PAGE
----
A Letter from a Marine Comedian


My name is joe, and comedy helped save my life.

When I was deployed to Iraq I think I might have been the funniest dude in the whole Marine Corps. I used humor to endear myself to my Marines, and to hide the fact that I was scared out of my mind. 

In a place where death was always one mortar round, rocket or sniper’s bullet away, humor proved to be a pretty useful talent. We laughed our way through a lot of long days, and scary times.

I had no idea that coming home, the thing I literally counted days, and hours, to get to, would be what almost killed me in the end.

Ironically enough, it’s the “coming home” part that gets most servicemen and women.

I didn’t realize it at the time, but losing the camaraderie and shared experience I had in the Marines was like losing a family member. I came back from my final Iraq deployment in 2008 with a rapidly breaking body, and a mind that stayed in the Anbar province, even though my deployments were, by comparison to many of my brothers and sisters, incredibly fortunate.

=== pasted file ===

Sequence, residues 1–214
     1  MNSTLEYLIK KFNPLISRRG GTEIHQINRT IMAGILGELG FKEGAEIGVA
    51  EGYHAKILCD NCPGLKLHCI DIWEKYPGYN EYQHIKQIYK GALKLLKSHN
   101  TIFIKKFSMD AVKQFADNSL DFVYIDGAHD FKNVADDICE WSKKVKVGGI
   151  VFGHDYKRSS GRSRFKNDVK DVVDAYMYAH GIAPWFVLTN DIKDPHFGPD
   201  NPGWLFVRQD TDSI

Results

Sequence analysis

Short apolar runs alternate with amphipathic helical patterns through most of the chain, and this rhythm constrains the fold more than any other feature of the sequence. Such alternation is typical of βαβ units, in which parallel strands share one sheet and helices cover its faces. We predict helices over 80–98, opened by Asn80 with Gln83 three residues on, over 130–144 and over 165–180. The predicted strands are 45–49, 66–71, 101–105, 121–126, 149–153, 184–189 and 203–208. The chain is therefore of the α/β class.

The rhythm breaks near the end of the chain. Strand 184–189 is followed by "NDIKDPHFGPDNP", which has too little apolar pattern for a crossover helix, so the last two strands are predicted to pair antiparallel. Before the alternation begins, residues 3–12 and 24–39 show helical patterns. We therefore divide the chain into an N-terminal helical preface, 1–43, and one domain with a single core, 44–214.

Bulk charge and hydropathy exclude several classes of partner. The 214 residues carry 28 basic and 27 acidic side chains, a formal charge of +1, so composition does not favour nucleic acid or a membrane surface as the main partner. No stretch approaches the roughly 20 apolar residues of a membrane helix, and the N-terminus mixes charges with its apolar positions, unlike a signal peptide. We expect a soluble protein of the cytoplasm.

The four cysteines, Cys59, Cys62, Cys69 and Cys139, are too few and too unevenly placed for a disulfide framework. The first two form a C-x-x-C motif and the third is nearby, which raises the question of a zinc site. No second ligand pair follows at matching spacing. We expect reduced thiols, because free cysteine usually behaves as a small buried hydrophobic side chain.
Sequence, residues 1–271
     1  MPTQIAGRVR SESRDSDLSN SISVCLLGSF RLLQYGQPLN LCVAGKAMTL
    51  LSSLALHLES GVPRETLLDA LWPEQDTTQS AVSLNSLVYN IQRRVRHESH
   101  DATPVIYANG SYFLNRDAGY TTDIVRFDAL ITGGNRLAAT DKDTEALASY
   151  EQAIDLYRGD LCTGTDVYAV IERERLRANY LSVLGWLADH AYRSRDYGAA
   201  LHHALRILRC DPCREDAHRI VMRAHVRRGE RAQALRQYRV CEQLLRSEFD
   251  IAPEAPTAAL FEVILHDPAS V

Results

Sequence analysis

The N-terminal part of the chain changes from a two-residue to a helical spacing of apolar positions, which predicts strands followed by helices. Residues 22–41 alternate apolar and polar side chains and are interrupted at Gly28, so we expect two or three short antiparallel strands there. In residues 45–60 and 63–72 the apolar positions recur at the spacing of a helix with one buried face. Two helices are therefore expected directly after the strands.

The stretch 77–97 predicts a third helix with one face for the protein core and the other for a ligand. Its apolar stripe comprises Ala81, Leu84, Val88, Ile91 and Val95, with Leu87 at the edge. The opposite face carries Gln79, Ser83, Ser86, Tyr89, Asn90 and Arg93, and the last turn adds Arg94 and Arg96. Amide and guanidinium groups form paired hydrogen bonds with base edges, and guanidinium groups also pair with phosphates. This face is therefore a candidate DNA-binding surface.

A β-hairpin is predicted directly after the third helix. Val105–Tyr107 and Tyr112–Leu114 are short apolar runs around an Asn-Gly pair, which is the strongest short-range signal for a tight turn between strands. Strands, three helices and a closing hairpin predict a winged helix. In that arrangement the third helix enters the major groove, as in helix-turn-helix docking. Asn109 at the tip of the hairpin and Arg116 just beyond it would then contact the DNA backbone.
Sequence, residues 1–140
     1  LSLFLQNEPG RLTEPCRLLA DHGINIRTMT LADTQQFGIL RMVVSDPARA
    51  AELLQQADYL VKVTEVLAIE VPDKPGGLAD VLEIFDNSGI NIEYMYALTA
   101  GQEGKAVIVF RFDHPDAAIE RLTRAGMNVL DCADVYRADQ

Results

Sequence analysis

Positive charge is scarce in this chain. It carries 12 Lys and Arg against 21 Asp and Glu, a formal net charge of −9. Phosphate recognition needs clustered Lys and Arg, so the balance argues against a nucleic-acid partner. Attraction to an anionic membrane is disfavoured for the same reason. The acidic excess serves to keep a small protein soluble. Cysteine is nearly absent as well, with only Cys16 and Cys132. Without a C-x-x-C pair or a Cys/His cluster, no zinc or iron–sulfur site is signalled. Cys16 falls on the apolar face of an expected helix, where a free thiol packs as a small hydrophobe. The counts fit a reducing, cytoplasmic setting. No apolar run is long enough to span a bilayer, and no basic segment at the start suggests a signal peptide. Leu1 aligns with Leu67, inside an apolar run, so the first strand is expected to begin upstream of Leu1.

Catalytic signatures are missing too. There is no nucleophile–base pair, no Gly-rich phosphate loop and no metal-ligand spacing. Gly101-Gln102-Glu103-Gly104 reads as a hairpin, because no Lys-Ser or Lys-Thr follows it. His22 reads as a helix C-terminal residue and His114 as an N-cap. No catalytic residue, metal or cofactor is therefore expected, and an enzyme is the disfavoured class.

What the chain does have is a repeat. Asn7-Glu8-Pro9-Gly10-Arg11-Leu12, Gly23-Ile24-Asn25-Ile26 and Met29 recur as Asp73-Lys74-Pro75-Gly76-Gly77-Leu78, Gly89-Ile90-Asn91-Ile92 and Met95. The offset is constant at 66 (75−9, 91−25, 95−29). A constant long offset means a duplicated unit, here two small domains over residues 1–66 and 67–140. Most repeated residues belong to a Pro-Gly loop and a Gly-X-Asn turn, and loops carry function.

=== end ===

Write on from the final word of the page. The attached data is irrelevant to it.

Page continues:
I was finally home, but something was very different. I was very different. I was finally safe, but as I struggled to understand why I couldn’t sleep without my door barred shut, or stop sweating in a cool, dark movie theater, I discovered I was never in greater danger - or more lost.

I found the Armed Services Arts Partnership around the same time I realized how lost I really was.    

This community – one of intense belonging and encouragement  – helped me find myself again. My healthy, happy, self. Most of all, ASAP gave me hope that real happiness and fulfillment can be part of my civilian existence.

By supporting ASAP, you are helping veterans and their families. You are creating laughter amongst the lonely silence - for veterans, service members, military families and caregivers - who may be struggling the way I was (or may just want to foster their inner-artist!)

ASAP helps restore to veterans their sense of purpose, happiness and fulfillment - whether it was lost in Iraq or in a sleeve pocket once the uniform came off one last time.